Marcel Häbold: "It’s essential to involve all stakeholders in the change process..."
Marcel Häbold_ interview for AcademyOcean

📌 Read in the new interview about how to manage change and the key to success during the transformation period in the company.

Today our expert is Marcel Häbold. Let's get acquainted!

Marcel HäboldSenior Consultant HR Transformation at  atrain GmbH

Marcel Häbold_ interview for AcademyOcean

Marcel Häbold started his professional career within the HR Sector in 2013. 

During his 7 years in various HR roles, he has learned a lot about business models and daily HR issues. This experience caters to the needs and desires of employees, works councils and managers struggling with the talent war and trying to lead organizations through digital transformation.

In 2021, Marcel shifted into the consulting sector and am now operating as a Sr. Consultant Transformation Manager at atrain GmbH.

Mission: helping companies, and, more over, people to successfully change their ways of working in a VUCA World.

Marcel: In 2011, I just graduated from school, I started an apprenticeship as media clerk for a big German media Group. The largest part of their business was daily newspapers, which were in a deep crisis at that time. More and more online products flooded the market, and the classic daily newspaper lost relevance to a critical level. Accordingly, the business was undergoing a major transformation at the time. During my apprenticeship, I was also trained within the HR Department. Luckily, the Head of HR gave me the opportunity to become part of the HR transformation during my training. This opportunity made such a lasting impression on me that I absolutely wanted to stay in the HR sector—which I eventually did.

Marcel: Transformation business is not an easy one, because it always revolves around abstract constructions (such as organizations) and concrete individuals (employees), who fill the Organization with life. 

This means that transformations in the true sense can never be performed on the level of organizational structure, it always needs to be started on the deepest, possible level, which is on the people. 

Only those who are willing to question, critically examine and then reprogram their existing patterns of thought and action will ultimately be able to undergo a true transformation.

The critical point here is that the transformation affects all employees equally, from top management to the clerical level. Nevertheless, in organizations there are always those who initiate a change and those who are first “affected” by a change and only learn about it in the second step, so to speak. However, everyone must change in equal measures.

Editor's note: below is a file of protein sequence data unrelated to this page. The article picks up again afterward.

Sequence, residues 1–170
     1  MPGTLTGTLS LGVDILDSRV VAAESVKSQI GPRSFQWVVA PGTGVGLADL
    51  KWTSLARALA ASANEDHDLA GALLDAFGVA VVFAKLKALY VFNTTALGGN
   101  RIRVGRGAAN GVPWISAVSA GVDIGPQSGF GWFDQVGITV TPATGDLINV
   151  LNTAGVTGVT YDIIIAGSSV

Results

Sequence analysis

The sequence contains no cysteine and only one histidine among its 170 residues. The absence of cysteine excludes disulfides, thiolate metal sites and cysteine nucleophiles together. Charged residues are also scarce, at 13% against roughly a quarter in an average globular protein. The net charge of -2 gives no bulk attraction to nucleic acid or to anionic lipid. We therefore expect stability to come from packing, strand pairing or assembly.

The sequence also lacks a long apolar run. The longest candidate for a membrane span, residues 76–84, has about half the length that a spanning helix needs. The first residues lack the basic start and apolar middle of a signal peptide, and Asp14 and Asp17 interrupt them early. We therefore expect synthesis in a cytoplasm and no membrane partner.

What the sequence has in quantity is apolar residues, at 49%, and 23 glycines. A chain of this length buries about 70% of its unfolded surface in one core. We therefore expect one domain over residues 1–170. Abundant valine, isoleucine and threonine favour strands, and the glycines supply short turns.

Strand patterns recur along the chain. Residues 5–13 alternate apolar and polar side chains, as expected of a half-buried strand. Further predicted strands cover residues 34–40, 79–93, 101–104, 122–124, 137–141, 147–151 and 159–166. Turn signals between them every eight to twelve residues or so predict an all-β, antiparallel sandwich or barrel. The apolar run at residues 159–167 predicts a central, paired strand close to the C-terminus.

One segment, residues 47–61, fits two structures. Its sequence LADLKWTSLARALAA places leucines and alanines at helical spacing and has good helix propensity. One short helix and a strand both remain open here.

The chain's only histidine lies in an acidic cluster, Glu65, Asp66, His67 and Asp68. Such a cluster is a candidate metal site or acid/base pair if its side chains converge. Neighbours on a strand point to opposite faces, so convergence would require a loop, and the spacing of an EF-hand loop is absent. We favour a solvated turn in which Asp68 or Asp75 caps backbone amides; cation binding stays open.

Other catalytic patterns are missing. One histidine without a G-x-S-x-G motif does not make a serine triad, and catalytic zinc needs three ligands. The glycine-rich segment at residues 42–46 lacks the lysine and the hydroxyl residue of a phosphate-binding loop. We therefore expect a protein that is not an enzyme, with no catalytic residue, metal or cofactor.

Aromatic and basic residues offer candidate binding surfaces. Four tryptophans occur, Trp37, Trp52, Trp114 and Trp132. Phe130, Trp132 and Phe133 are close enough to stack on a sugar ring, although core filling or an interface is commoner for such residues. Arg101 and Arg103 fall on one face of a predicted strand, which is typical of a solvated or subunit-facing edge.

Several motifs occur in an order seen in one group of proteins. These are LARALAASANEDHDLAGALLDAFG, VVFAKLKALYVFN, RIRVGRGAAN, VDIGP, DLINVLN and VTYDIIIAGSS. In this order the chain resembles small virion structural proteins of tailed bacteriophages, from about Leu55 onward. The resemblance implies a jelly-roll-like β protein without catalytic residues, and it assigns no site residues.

So the biggest challenge is always to convey to some that they don't know everything about the transformation and the necessities just because they initiated it, and to others that just because they weren't involved in the first step, that they can still keep up and drive the transformation as individuals.
Coming to success: in my opinion, it’s essential to involve all stakeholders in the change process in a co-creation role and to create ownership. 

With this approach, we have always been able to achieve the best results with almost all of our customers.

Let's look at this at a higher level. Because before we discuss tools that are best suited to change/transformation, it is necessary to understand the approach used to initiate change.

"The approach we use in atrain is: Doing change with people, not to them"

In my answer to the second question, I already mentioned the approach we use at atrain, which is: Doing change with people, not to them. With this approach, we really try to initiate change at the deepest possible level of the employees. 

To do this, we for instance also like to use methods from Paul Gilbert's compassion-focused psychotherapy

Сompassion-focused Therapy
Сompassion-focused Therapy

In order to change an organization, we need to change ourselves. To change ourselves, we need to learn where we’re coming from and why we are behaving, like we’re doing. Why are we motivated, the way we are? And why are we frustrated sometimes? 

So, you can say that we put people, with all their personal experiences and behaviors, at the center of our transformation work. And from this we ultimately derive measures that we implement iteratively in the organizations with leadership and / or transformation teams. 

And then we of course use different management tools to make transformation a tailored success to our customers.

Marcel: Three crucial points come to my mind when thinking about answering to this Question:

As easy as it sounds, you have to mean it. 

When you strive for change, many people always assume that you make a target-performance analysis and then continuously, and moreover successfully, work towards the desirable state.